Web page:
My second point concerns your big headline on your front page (March 17th) – “Emigrants leaving by choice, not necessity”. Some emigrants have always left by choice, not necessity. Even in the Celtic Tiger days there were 16,000-20,000 people emigrating every year.
But such headlines tend to mask more subtle and complex realities. If 40 per cent felt they left involuntarily, as your survey suggests, and especially if they left an employment sector, construction, which will never recover to pre-crisis levels, it’s little consolation to them to be told that the other 60 per cent left by choice.
Politicians should not use such figures either, as they have always done, to present a blithely insouciant, upbeat picture of emigration which ignores the more complex realities and their own responsibility, and accountability, for the situation in which we find ourselves and the measures which must be taken to address it.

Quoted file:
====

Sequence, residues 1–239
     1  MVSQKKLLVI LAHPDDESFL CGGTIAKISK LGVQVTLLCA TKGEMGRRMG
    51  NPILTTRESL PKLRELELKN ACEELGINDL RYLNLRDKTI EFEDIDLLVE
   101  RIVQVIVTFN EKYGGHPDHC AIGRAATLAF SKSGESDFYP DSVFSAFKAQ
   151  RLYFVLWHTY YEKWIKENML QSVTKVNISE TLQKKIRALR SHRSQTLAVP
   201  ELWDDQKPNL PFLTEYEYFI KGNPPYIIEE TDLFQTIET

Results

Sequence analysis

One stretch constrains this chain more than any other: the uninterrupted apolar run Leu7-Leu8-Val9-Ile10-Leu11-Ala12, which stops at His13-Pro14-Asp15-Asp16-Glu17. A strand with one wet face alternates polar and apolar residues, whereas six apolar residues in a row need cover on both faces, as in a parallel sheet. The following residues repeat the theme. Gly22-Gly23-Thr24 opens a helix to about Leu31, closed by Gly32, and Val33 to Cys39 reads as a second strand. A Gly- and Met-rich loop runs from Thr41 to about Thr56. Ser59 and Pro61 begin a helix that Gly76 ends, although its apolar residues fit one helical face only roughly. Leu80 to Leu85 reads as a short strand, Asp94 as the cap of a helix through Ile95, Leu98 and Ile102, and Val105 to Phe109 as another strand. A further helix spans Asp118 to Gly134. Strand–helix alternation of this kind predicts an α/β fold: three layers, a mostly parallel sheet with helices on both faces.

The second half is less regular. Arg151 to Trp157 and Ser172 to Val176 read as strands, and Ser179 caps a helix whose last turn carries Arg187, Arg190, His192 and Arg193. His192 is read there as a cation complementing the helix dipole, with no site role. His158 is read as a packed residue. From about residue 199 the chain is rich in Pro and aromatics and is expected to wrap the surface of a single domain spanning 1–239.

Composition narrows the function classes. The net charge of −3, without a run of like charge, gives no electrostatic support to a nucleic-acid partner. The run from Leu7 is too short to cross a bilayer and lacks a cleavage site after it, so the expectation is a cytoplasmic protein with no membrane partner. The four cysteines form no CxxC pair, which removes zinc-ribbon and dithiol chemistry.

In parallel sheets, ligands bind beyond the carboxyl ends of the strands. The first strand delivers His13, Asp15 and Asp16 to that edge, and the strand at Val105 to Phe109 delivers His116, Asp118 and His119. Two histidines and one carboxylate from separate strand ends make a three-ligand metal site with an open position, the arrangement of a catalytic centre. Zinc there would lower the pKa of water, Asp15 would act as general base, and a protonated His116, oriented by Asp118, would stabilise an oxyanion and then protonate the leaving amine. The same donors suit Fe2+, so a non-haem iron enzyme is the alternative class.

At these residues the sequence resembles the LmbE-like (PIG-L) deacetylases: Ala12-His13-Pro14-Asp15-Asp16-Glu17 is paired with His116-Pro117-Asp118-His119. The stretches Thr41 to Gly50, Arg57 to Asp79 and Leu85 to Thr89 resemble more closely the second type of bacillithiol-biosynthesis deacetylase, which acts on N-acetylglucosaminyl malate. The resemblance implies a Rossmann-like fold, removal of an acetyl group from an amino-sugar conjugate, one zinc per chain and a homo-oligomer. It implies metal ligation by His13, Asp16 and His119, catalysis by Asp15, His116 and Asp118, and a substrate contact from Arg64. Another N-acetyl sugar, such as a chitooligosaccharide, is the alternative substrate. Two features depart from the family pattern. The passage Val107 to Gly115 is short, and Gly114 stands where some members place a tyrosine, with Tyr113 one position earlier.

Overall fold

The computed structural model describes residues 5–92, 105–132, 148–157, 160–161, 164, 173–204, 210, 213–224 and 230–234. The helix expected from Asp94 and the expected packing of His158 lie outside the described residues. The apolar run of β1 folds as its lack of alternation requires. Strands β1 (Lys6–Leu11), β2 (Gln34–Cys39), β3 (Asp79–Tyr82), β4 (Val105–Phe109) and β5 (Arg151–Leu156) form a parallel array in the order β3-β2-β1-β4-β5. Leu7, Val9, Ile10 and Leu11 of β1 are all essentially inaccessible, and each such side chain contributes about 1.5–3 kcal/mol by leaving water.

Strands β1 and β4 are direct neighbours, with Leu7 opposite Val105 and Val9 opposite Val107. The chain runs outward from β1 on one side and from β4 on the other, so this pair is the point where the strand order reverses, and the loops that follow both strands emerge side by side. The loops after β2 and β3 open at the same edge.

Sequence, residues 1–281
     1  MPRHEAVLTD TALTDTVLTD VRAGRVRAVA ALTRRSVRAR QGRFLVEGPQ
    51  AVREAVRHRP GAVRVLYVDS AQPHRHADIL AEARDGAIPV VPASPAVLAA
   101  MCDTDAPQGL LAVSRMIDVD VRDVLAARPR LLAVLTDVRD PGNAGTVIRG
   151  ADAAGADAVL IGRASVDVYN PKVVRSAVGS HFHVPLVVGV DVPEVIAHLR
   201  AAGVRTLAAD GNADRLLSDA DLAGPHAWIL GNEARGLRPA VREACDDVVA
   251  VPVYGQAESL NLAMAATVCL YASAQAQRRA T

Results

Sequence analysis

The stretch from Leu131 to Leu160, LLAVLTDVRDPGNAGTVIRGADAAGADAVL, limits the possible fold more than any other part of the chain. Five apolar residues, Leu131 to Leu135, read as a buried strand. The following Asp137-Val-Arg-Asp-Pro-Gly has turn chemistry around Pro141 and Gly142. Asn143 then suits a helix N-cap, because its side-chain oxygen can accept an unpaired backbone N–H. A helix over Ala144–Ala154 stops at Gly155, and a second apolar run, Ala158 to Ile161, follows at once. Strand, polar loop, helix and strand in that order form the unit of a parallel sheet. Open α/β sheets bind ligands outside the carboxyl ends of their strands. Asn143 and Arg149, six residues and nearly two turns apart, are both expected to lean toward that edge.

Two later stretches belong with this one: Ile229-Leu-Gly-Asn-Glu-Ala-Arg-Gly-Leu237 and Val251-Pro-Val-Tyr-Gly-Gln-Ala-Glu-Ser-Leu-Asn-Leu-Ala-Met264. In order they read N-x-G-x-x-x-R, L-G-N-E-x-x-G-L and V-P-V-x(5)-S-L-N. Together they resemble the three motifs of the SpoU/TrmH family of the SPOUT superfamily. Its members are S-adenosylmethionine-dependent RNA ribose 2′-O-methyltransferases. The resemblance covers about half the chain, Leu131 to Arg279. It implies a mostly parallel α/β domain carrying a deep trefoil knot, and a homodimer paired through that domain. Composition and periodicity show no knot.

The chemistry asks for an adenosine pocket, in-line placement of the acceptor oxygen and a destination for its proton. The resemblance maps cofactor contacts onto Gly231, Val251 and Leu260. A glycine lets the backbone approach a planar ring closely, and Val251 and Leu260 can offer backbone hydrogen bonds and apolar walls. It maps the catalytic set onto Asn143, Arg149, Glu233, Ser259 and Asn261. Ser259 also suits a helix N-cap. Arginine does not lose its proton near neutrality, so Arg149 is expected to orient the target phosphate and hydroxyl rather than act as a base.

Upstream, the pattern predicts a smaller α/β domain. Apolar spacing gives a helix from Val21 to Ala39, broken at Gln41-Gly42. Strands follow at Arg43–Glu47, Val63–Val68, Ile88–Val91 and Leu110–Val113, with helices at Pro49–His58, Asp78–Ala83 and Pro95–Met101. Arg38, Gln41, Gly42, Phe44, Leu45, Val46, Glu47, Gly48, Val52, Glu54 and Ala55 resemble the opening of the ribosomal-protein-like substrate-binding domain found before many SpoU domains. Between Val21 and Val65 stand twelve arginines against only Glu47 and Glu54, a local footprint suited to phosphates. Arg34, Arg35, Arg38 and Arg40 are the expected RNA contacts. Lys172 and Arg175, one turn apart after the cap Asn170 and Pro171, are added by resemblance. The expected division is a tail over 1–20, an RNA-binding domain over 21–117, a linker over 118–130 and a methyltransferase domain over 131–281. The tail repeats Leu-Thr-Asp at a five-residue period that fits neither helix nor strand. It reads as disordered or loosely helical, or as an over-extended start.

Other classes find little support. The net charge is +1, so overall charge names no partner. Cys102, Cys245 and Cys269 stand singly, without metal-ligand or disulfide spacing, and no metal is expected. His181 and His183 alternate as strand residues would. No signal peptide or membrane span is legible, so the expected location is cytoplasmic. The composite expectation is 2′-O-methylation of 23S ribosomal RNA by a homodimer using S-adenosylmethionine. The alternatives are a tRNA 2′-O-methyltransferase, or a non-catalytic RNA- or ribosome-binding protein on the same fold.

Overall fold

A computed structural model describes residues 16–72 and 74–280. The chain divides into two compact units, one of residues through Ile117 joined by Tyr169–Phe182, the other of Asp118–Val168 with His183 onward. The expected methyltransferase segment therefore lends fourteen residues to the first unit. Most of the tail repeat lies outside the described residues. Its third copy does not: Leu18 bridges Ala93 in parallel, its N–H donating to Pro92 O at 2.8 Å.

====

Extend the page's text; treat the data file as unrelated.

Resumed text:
All that said, well done on a fascinating snapshot. – Yours, etc,
A chara, – Your current Government journalistic cheerleader, Stephen Collins, fails to spot a fatal flaw in reporting a recent survey on emigration; (“Emigrants leaving by choice, not necessity”, Front page, March 17th) The survey, we are told, was conducted with a cross-section of emigrants in terms of gender, age, place of origin, etc. The fact that the issue of “class” was not a factor in the survey diminishes its impact completely and must be taken with a political grain of salt. – Is mise,